From wear sensors for industrial compressors to a device that alerts cyclists when their posture is poor: the sensors developed by 2M Engineering are used in a variety of industrial and medical applications. The Netherlands Enterprise Agency offers support by seeking suitable collaboration partners and providing advice on grant proposals.
2M Engineering develops and produces a wide range of sensors. Rather than focusing on the marketing of its final product, the company leaves this aspect up to its collaboration partners. 'We develop the product from the initial idea to the definitive technical solution', explained director of product development Coen Lauwerijssen. ‘Over the course of various stages, we develop prototypes into certified products that can then be manufactured in smaller or larger volumes. Once this process has been completed, our work is done.'
In search of collaboration partners
Demand for sensor technology is growing, largely due to the development of the Internet of Things. 2M Engineering mainly produces diagnostic medical equipment, wearables and industrial sensor solutions. The company's search for potential collaboration partners largely takes place through online channels, such as the Enterprise Europe Network (EEN). 'We regularly receive email updates on potential collaboration partners from EEN', Lauwerijssen continued. 'If it turns out to be a good fit, we will take action. In August 2018, our Netherlands Enterprise Agency adviser sent us a list of companies seeking Eurostars partners with our specific area of expertise. We saw potential in a Norwegian company, which we then contacted through our adviser.'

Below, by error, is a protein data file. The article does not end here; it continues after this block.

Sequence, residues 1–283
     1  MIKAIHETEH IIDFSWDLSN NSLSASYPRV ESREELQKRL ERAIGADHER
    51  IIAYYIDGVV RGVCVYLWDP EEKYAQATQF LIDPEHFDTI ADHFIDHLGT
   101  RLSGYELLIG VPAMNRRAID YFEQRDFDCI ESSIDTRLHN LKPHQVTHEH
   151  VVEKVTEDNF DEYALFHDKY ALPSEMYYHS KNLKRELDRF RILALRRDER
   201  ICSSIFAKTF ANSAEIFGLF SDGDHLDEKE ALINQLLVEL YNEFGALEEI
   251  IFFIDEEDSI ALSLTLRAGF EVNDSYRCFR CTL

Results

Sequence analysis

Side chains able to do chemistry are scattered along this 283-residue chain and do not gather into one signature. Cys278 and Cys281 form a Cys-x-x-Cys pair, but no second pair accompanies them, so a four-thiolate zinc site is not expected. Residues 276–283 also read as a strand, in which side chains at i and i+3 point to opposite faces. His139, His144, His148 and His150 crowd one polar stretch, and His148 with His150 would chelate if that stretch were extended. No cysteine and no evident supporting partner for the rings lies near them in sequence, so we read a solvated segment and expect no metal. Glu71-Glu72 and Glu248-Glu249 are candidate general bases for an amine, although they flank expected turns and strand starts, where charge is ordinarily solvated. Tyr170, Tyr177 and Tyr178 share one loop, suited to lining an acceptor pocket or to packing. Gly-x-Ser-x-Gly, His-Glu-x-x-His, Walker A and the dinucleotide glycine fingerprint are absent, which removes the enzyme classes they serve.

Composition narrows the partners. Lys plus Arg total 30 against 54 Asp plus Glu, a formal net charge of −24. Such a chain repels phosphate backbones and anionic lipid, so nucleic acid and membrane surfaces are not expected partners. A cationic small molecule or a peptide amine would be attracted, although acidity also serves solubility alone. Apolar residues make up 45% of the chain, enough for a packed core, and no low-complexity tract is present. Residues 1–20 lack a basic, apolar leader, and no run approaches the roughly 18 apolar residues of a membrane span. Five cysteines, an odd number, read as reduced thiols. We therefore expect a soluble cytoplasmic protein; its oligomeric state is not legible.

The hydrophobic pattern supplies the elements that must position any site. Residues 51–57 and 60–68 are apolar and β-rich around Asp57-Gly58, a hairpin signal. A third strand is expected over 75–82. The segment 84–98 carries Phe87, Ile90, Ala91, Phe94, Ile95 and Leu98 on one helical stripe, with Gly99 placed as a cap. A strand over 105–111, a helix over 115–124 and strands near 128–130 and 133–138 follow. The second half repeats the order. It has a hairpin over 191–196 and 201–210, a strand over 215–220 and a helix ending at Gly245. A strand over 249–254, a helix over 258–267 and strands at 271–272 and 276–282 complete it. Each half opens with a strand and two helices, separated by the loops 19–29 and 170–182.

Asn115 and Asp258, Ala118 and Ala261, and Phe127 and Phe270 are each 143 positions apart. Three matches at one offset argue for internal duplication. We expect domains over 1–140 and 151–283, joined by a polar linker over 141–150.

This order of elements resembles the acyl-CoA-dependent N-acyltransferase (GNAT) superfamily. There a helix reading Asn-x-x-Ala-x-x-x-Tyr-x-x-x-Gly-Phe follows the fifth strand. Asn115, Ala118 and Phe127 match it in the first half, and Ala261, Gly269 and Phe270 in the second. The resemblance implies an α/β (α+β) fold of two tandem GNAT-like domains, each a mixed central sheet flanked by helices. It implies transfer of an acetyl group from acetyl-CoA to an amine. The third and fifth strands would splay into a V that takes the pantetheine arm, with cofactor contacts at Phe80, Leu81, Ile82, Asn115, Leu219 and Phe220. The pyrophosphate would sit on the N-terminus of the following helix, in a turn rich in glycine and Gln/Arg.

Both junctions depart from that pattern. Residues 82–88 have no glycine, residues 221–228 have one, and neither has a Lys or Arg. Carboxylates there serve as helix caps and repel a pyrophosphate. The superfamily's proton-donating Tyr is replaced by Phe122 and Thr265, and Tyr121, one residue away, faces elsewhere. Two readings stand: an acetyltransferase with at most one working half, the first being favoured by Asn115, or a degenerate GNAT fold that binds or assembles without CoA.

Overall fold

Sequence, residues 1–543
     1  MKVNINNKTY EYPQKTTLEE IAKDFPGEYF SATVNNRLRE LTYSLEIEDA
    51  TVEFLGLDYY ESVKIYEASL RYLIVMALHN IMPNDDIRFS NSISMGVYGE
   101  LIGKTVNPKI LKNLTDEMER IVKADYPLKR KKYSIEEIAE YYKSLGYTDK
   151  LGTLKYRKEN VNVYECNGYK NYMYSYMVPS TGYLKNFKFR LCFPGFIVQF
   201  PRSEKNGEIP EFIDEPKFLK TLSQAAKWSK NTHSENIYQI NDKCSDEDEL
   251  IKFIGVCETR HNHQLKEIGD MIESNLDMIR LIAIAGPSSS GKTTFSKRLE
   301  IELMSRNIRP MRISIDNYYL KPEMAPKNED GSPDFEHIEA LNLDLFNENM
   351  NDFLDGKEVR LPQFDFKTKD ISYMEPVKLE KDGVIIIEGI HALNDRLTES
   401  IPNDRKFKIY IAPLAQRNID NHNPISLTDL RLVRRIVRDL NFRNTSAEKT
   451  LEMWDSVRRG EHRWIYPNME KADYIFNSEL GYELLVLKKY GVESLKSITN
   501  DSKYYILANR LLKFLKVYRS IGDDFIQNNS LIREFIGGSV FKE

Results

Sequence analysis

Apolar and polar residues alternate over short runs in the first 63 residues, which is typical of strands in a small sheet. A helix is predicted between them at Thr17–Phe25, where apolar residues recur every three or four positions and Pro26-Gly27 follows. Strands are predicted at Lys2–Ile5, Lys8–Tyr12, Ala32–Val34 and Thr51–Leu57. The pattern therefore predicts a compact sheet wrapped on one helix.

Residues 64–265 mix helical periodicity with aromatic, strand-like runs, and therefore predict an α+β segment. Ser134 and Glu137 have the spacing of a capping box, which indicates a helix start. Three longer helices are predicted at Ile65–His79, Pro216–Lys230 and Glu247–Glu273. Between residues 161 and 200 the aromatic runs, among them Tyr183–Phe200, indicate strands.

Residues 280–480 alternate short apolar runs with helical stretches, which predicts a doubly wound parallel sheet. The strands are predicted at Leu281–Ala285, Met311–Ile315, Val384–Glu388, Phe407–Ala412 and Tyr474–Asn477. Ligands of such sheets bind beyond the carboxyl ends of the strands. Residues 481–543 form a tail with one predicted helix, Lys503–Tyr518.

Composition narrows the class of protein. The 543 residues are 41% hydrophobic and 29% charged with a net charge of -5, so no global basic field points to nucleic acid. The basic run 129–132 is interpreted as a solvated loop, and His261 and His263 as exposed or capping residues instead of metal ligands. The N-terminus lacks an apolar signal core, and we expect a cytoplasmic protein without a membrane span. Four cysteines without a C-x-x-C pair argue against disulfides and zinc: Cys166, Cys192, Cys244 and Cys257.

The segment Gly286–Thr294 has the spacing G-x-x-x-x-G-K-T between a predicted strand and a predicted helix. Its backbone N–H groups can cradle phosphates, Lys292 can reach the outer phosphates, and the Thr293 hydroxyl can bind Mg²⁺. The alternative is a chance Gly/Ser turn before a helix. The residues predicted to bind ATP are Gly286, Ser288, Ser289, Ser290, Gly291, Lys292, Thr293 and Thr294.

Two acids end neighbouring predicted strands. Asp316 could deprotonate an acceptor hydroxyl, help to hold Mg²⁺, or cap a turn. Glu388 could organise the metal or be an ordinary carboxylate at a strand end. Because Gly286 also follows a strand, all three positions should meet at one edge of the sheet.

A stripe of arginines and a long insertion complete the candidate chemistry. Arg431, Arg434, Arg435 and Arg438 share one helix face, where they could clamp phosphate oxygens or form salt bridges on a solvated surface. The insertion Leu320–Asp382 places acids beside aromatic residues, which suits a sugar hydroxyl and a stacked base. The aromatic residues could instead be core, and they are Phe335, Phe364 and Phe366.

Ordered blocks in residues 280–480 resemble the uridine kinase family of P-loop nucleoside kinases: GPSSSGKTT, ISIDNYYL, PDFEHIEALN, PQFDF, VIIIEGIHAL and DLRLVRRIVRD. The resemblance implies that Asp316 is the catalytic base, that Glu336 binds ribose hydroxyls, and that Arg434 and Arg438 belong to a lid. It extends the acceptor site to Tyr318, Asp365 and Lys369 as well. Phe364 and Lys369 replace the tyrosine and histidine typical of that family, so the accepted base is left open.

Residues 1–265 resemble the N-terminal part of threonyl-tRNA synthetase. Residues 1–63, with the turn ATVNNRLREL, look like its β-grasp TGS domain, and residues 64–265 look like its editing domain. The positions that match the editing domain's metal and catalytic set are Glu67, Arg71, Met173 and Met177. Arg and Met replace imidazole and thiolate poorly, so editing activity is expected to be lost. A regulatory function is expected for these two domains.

Within just one month, 2M Engineering and its new Norwegian partner had submitted a Eurostars application, which was then approved. The Netherlands Enterprise Agency advisers played an important role, as they share their advice on the grant application process with applicants where possible. The partners started developing a sensor glove for a robotic hand in April 2019. Despite broad expertise in the area of robotic hands, Norwegian firm H5y had little experience with sensors. 'We complement each other perfectly', Lauwerijssen explained. 'The two companies immediately "clicked" and had managed to prepare a research proposal in no time, which was then approved. H5y takes our sensor technology and makes sure that glove users experience the sensor signals as real sensations and at the same time, market the product. As the focus is on improving user experience, the sensors in the robotic hand are extremely helpful in that regard.'
Lauwerijssen considers the Netherlands Enterprise Agency to be an effective matchmaker. 'We know what they have to offer and they are aware of our capabilities. Our advisers let us know every time they find a suitable partner, which helps both parties. Our collaboration makes it far easier to find partners and has proven its value.'